Modern societies rely on large-scale interdependent networks and systems that are critical for economic growth and societal well-being. Such infrastructure are vulnerable to natural as well as anthropogenic hazards. Past disasters have shown that the societal consequences of the damage and failure of infrastructure often significantly exceed the physical damage to such systems. In addition, the extent of impact on society is typically not limited to the immediate aftermath of a hazardous event but can be long term. This paper introduces sustainability and resilience as two of the most important characteristics of infrastructure, in terms of addressing societal needs, and presents some of the engineering tools for the development of sustainable and resilient infrastructure. It provides a targeted perspective based on a volume of previous works aiming to outline the underlying narrative and set the scene for future developments. The paper includes a broader discussion of interdisciplinary considerations to be accounted for to achieve sustainable and resilient infrastructure.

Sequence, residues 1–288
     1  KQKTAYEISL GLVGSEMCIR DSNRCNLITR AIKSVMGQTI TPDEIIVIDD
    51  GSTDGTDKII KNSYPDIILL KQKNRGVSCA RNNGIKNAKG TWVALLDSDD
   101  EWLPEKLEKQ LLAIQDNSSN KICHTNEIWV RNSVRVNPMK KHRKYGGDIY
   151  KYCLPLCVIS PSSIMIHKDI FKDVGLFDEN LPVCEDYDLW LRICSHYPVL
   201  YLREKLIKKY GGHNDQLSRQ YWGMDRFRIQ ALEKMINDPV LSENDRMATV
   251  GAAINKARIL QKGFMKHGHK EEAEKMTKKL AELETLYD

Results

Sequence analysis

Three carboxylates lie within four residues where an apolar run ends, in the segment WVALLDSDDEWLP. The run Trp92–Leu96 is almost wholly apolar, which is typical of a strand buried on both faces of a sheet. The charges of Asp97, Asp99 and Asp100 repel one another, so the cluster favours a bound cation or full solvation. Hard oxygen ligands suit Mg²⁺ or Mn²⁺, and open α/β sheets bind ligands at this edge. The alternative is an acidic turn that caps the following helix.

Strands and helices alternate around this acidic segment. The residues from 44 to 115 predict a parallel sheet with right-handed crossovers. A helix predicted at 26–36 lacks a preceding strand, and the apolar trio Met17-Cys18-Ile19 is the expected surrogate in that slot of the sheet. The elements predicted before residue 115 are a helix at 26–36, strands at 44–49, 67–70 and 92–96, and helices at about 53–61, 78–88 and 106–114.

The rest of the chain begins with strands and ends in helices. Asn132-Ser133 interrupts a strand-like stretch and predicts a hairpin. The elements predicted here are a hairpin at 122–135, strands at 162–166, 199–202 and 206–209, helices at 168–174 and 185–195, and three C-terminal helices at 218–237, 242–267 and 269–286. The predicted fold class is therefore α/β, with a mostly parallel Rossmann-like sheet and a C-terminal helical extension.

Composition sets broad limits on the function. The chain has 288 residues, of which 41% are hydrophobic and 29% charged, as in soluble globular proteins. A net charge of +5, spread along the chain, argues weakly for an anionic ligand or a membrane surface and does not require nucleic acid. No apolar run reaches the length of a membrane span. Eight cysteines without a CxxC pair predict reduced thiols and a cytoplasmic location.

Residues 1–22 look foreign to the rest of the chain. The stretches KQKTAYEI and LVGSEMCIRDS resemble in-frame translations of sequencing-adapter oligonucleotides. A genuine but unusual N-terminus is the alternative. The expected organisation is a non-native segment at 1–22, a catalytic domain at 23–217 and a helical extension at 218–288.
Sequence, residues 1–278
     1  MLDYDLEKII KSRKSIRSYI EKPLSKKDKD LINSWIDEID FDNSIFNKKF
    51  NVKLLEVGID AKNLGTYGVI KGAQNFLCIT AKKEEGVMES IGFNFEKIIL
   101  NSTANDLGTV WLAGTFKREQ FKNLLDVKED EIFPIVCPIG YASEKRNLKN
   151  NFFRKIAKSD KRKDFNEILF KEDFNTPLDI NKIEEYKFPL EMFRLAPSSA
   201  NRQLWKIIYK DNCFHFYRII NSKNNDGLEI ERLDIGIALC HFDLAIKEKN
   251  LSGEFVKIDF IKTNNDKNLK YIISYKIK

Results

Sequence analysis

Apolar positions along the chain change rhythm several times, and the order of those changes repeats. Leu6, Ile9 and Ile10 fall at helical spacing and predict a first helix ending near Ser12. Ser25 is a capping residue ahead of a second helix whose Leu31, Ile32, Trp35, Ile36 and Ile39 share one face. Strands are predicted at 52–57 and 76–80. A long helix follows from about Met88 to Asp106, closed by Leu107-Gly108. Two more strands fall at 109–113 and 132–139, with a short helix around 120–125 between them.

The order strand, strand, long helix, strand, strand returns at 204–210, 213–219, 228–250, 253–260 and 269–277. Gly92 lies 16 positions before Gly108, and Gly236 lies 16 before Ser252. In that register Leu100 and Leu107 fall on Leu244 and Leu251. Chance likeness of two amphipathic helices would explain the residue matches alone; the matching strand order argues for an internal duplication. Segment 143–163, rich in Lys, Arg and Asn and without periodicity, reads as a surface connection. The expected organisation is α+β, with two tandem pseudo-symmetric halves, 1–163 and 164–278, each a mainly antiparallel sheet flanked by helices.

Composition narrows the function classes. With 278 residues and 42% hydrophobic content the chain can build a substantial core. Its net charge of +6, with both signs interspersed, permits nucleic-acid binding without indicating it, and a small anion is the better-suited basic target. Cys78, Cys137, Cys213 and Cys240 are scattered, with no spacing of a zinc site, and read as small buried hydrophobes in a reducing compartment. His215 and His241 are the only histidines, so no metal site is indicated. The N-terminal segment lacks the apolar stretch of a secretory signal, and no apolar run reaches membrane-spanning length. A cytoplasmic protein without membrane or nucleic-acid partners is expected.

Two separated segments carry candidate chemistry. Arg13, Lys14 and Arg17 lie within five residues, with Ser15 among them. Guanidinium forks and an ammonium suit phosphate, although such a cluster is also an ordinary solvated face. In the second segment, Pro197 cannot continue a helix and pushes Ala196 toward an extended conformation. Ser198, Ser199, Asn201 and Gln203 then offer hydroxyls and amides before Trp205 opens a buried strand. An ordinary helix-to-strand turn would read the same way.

ASJC Scopus subject areas
- Civil and Structural Engineering
- Building and Construction
- Geography, Planning and Development
- Safety, Risk, Reliability and Quality